naloxone naloxone
Stories About

naloxone

Isela was denied life insurance because her medication list showed a prescription for the opioid-reversal drug naloxone. The Boston Medical Center nurse says she wants to have the drug on hand so she can save others. Jesse Costa/WBUR hide caption

toggle caption
Jesse Costa/WBUR

Nurse Denied Life Insurance Because She Carries Naloxone

  • Download
  • <iframe src="https://www.npr.org/player/embed/674586548/676346873" width="100%" height="290" frameborder="0" scrolling="no" title="NPR embedded audio player">
  • Transcript

A view inside Rhode Island's John J. Moran Medium Security Prison, in Cranston. Rhode Island is the only state to screen every individual who comes into the correctional system for opioid use disorder, and to offer, in conjunction with with counseling, all three medically effective treatments. Andrew Burton/Getty Images hide caption

toggle caption
Andrew Burton/Getty Images

Rhode Island Prisons Push To Get Inmates The Best Treatment For Opioid Addiction

  • Download
  • <iframe src="https://www.npr.org/player/embed/668340844/669361644" width="100%" height="290" frameborder="0" scrolling="no" title="NPR embedded audio player">
  • Transcript
Patrick Semansky/AP

A Philadelphia police officer holds a package of the overdose antidote naloxone while on patrol in the Kensington neighborhood of Philadelphia in April 2017. Dominick Reuter/AFP/Getty Images hide caption

toggle caption
Dominick Reuter/AFP/Getty Images

Opioid Antidote Can Save Lives, But Deciding When To Use It Can Be Challenging

  • Download
  • <iframe src="https://www.npr.org/player/embed/660640838/663359338" width="100%" height="290" frameborder="0" scrolling="no" title="NPR embedded audio player">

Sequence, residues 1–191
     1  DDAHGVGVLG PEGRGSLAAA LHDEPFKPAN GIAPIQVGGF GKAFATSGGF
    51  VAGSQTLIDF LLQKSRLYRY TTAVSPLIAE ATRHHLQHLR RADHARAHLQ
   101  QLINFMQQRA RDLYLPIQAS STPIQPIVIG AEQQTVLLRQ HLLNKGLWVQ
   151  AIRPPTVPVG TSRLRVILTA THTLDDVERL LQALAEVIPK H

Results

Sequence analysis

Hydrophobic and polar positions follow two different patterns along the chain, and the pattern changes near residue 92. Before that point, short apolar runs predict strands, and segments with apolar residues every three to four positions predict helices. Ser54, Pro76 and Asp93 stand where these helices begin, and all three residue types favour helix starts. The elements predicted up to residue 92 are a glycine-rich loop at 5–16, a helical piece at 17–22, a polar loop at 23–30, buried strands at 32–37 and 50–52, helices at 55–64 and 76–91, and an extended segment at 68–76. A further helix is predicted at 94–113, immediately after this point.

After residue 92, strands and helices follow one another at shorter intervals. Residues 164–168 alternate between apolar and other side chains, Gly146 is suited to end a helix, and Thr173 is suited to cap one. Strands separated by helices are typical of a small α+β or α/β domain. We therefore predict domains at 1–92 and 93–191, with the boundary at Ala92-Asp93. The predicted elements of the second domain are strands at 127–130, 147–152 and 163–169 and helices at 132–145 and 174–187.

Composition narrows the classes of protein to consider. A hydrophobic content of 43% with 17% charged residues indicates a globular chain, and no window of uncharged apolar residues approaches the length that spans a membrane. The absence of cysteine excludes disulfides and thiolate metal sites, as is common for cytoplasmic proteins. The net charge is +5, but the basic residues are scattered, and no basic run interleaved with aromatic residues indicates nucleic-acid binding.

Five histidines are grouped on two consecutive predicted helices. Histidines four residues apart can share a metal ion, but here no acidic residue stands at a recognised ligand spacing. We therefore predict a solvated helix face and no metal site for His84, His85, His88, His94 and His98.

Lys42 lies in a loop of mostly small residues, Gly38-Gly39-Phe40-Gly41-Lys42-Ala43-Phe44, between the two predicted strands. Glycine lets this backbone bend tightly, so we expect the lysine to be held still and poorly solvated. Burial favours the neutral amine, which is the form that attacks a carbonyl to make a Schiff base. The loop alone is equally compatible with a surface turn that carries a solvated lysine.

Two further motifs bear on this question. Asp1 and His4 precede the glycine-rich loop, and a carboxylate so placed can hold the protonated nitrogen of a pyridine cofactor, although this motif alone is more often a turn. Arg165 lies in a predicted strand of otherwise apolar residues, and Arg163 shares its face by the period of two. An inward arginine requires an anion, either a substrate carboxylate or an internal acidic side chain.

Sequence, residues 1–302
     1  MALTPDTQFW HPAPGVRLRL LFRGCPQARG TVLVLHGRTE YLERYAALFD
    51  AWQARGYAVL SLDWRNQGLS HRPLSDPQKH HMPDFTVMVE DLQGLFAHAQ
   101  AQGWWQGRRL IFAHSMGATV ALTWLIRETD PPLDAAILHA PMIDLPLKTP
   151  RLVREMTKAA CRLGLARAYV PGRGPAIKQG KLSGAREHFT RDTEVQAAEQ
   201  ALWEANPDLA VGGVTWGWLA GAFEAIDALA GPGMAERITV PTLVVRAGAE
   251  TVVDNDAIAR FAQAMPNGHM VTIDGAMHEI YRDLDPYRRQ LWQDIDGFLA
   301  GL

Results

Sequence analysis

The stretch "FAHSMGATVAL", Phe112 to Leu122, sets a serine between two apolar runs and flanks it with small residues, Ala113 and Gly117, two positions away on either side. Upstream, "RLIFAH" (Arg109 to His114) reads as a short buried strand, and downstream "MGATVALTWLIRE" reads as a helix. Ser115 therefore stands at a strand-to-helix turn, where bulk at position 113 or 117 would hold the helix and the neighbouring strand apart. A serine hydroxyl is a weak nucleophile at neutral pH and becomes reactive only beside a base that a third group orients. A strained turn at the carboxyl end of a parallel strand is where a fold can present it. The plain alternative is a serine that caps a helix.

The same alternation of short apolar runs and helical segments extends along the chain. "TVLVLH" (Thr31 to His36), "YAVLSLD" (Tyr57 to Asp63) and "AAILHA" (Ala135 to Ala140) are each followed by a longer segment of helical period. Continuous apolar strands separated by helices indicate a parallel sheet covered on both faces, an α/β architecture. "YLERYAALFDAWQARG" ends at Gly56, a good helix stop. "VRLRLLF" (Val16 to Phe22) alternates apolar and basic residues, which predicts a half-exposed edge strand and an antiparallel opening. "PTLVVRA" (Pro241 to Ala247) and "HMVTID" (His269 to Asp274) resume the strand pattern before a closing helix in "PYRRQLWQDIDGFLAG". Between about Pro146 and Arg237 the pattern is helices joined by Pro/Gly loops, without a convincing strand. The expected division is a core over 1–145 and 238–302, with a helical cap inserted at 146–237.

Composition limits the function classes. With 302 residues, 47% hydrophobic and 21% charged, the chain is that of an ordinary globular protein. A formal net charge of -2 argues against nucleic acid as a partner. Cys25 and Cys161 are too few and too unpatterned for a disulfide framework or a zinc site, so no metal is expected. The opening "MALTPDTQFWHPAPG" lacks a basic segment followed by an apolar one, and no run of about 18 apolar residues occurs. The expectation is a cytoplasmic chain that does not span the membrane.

• Transcript

The contents of the naloxone kit inside an AED box located in the VA West Roxbury cafeteria. Jesse Costa/WBUR hide caption

toggle caption
Jesse Costa/WBUR

VA Adding Opioid Antidote To Defibrillator Cabinets For Quicker Overdose Response

  • Download
  • <iframe src="https://www.npr.org/player/embed/650639122/652872517" width="100%" height="290" frameborder="0" scrolling="no" title="NPR embedded audio player">
  • Transcript

A man holds a sample of the opioid antidote Narcan during a training session at a New York City Department of Health and Mental Hygiene office in March. Kena Betancur/AFP/Getty Images hide caption

toggle caption
Kena Betancur/AFP/Getty Images

The Surgeon General recommends more Americans carry naloxone, the opioid overdose antidote. Jake Harper/Side Effects Public Media hide caption

toggle caption
Jake Harper/Side Effects Public Media

Reversing An Overdose Isn't Complicated, But Getting The Antidote Can Be

  • Download
  • <iframe src="https://www.npr.org/player/embed/607760827/609019604" width="100%" height="290" frameborder="0" scrolling="no" title="NPR embedded audio player">
  • Transcript

WASHINGTON, DC - NOVEMBER 15: U.S. Surgeon General Jerome Adams testifies before the Senate Health, Education, Labor and Pensions Committee in the Dirksen Senate Office Building on Capitol Hill November 15, 2017 in Washington, DC. Adams testified about community-level health promotion programs and businesses that offer incentives to employees that practice healthy lifestyles. Chip Somodevilla/Getty Images hide caption

toggle caption
Chip Somodevilla/Getty Images

Surgeon General Urges More Americans To Carry Opioid Antidote

  • Download
  • <iframe src="https://www.npr.org/player/embed/599538089/599707073" width="100%" height="290" frameborder="0" scrolling="no" title="NPR embedded audio player">
  • Transcript

A young man uses heroin under a bridge in the Kensington section of Philadelphia, a neighborhood that has become a hub for heroin use. The economic costs of the epidemic are mounting, researchers say, as the U.S. loses more and more workers in their prime. Spencer Platt/Getty Images hide caption

toggle caption
Spencer Platt/Getty Images

An overdose rescue kit handed out at an overdose prevention class this summer in New York City includes an injectable form of the drug naloxone. Spencer Platt/Getty Images hide caption